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Officials: Aircraft part found near Ground Zero not landing gear
An aircraft part from one of the jets that struck the World Trade Center and was found in an alley near Ground Zero -- initially believed to be part of the landing gear -- has been identified as part of a wing flap control system, officials said.
The NYPD also clarified why a piece of rope was found on the flap support. When police first responded to reports of the wreckage last week they used the rope to move it to look for a serial number or other identifiers, officials said.
The NYPD Monday continued to guard the site, which is two blocks north of Ground Zero.
Officials with the city medical examiner's office were testing the tight space where the part was found for possible toxins ahead of Tuesday's search for possible human remains.
Officials of the Boeing Company, which manufactured both of the aircraft that terrorists used to destroy the towers, said the debris found on Friday was part of a flap actuation support structure from a Boeing 767.
However, since the planes, which struck the north and south towers, were both Boeing 767s, it was impossible for officials to say for certain from which plane the 5-foot-tall piece came from. Videos of the south tower being hit during the attack showed a fiery explosion and an ejection of debris that appeared to go a few blocks north of Ground Zero.
Ellen Borakove, a spokeswoman for the medical examiner, said sifting of the soil in the narrow alley was scheduled to begin Tuesday. She said technicians and forensic experts would use a fine gauge screen to sift material and soil at the site, which is behind a building at 51 Park Place, and at one time the site of an Islamic center.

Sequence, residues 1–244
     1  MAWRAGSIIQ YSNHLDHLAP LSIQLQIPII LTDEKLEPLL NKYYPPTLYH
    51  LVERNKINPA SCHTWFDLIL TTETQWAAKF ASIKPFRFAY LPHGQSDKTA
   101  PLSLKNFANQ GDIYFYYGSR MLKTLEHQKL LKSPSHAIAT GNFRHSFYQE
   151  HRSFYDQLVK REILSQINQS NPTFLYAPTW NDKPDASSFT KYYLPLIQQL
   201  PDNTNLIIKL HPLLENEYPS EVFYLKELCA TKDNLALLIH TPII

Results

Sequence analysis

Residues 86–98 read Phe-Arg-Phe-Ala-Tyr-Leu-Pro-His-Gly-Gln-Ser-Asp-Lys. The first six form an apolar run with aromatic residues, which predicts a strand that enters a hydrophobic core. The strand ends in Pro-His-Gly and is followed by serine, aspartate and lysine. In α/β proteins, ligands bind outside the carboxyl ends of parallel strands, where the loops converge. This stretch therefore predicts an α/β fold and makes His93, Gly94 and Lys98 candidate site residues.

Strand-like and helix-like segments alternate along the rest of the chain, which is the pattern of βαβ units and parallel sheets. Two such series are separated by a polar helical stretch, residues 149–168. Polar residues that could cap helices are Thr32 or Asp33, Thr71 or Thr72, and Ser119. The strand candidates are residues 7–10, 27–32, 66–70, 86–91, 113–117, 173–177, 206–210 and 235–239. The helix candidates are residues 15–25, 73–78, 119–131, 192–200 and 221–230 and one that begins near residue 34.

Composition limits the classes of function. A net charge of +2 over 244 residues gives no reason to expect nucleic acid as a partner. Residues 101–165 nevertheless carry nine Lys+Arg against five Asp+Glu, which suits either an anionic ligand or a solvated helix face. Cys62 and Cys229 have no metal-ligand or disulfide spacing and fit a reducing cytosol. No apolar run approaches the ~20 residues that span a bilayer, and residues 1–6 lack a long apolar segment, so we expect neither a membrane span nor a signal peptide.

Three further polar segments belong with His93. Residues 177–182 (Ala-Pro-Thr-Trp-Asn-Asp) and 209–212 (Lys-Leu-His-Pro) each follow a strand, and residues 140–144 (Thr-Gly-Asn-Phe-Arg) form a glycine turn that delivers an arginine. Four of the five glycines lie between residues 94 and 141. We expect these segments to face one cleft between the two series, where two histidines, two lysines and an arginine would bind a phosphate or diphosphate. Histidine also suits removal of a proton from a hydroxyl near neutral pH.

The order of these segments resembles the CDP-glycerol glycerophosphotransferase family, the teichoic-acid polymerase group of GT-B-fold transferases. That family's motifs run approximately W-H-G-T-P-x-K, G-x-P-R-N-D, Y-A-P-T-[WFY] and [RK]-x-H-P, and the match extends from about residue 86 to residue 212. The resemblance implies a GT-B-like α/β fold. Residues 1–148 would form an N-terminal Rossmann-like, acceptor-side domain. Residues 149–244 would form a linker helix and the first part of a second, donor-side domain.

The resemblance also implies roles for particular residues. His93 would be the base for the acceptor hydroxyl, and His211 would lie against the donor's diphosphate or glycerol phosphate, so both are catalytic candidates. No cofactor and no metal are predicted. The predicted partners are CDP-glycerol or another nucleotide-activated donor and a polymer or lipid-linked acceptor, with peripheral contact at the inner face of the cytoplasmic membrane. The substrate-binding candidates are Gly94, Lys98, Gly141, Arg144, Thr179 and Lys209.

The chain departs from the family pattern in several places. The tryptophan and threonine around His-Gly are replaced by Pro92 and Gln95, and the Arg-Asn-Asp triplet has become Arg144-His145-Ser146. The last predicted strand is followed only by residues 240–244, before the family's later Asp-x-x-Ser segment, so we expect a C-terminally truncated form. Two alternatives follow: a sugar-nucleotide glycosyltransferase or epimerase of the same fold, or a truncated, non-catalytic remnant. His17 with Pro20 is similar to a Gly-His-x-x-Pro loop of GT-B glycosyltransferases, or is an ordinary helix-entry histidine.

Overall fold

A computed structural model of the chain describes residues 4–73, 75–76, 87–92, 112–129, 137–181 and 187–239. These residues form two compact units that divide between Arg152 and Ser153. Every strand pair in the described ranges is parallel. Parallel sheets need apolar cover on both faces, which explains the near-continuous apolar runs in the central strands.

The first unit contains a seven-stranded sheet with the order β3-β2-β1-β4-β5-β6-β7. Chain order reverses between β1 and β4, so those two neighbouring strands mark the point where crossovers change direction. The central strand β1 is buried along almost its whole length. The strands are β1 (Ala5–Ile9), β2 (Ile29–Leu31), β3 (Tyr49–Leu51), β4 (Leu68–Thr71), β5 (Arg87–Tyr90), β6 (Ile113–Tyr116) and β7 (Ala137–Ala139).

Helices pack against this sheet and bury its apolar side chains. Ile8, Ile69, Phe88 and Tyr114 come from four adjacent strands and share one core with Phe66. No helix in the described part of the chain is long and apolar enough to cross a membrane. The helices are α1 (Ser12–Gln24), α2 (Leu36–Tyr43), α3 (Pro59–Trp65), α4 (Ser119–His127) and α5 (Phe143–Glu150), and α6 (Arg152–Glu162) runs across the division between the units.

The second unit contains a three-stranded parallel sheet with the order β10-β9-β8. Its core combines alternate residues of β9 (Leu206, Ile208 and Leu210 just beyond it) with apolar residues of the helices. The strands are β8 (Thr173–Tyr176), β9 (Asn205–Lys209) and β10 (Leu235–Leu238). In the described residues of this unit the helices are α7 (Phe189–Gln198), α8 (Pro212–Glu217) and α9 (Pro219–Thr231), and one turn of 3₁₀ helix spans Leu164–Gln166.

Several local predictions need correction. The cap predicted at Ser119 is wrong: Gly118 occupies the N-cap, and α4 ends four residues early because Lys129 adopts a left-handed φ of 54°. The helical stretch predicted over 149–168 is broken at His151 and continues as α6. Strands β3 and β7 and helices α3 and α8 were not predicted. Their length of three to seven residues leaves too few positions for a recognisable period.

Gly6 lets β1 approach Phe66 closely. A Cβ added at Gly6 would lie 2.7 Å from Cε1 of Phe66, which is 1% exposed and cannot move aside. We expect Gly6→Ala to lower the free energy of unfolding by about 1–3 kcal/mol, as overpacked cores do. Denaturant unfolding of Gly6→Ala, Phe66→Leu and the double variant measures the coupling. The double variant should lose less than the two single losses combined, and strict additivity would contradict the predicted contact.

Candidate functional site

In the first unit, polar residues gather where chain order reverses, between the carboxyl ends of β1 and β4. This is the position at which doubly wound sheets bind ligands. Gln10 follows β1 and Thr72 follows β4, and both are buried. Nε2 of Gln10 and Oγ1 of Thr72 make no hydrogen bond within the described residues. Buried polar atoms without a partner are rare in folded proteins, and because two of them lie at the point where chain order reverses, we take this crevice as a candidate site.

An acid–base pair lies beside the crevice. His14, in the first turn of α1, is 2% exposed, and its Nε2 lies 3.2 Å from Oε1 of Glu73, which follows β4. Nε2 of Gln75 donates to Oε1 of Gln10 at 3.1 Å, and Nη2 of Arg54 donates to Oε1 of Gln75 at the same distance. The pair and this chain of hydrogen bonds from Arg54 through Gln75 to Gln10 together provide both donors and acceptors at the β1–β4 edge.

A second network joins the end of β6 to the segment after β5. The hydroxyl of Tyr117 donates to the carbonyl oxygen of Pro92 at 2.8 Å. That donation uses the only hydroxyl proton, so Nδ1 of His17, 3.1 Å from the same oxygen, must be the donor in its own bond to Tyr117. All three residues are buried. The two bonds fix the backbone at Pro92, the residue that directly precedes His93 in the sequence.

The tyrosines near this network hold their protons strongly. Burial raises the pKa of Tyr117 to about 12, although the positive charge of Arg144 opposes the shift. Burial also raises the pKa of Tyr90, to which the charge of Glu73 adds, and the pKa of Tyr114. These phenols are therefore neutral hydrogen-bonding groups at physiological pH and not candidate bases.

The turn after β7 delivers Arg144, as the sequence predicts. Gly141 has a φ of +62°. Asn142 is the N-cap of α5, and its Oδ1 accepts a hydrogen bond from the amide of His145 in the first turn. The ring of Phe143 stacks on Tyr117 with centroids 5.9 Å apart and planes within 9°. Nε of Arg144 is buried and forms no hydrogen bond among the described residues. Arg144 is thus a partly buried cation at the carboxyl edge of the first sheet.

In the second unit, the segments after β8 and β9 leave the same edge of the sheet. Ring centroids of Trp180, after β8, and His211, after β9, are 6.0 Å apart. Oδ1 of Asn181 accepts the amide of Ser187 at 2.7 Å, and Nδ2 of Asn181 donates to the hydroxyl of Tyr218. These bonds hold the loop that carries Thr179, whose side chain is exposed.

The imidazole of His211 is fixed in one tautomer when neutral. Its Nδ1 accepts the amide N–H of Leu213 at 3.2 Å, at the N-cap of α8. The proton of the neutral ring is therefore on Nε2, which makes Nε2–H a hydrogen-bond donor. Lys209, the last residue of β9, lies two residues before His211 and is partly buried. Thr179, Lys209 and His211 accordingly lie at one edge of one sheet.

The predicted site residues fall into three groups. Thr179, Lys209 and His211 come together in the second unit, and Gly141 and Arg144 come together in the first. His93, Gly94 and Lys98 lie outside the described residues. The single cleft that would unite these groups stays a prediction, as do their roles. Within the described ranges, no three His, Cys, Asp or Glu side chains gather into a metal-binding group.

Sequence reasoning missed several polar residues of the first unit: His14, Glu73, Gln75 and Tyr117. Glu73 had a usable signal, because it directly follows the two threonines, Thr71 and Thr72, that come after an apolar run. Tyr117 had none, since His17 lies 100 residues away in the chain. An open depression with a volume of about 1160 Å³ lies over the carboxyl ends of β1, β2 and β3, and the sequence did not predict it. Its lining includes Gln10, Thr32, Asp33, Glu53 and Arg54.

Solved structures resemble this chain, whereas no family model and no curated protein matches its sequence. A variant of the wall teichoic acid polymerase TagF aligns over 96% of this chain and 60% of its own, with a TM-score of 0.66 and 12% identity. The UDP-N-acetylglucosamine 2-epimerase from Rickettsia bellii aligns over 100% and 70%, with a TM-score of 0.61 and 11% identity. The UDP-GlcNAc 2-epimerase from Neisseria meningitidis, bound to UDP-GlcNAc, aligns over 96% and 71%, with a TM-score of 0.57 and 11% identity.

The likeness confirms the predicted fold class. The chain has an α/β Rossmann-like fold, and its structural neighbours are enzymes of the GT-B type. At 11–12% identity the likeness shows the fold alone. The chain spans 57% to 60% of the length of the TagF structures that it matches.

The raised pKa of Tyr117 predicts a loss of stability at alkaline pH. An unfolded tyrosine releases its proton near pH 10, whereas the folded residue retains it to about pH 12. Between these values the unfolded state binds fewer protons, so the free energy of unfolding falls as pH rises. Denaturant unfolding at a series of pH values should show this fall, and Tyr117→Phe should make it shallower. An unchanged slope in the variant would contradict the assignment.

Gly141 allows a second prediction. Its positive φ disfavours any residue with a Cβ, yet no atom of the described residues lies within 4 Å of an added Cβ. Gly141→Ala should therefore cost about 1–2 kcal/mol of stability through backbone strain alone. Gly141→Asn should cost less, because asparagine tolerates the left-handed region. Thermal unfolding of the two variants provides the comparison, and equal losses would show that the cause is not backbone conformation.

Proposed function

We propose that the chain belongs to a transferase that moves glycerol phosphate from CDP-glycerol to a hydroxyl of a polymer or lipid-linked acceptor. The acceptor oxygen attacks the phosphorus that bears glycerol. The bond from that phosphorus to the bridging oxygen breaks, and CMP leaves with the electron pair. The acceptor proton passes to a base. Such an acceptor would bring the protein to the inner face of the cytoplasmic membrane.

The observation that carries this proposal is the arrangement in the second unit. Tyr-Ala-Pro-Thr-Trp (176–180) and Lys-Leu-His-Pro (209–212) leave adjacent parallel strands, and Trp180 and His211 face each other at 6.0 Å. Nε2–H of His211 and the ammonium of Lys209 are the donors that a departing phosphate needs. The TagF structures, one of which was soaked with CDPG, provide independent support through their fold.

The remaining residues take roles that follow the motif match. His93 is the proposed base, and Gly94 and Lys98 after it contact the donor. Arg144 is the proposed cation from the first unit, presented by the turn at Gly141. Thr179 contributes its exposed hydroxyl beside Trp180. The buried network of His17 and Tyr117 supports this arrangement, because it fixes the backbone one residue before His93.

Any possibly human remains that are found would be taken to the Manhattan morgue building at 520 First Ave., where forensic anthropologists would examine them. If the materials are deemed to be human, experts would then see if viable DNA samples could be extracted, Borakove said.
The medical examiner's office is already involved in sifting nearly 60 truckloads of World Trade Center debris and has recovered more than 60 pieces of potential human remains. But anything found behind 51 Park Place will be handled separately, Borakove said.
Once sifting is completed, possibly by Wednesday, the NYPD's emergency services unit will remove the flap support and keep it at the department's property storage facility, said spokesman Paul Browne.
Police said the debris might ultimately be given to the National Transportation Safety Board, which has treated Sept. 11 aircraft parts as historical artifacts.
With Maria Alvarez
The story has been changed to reflect that the National Transportation Safety Board does not distribute pieces of Sept. 11 artifacts as historical artifacts to museums.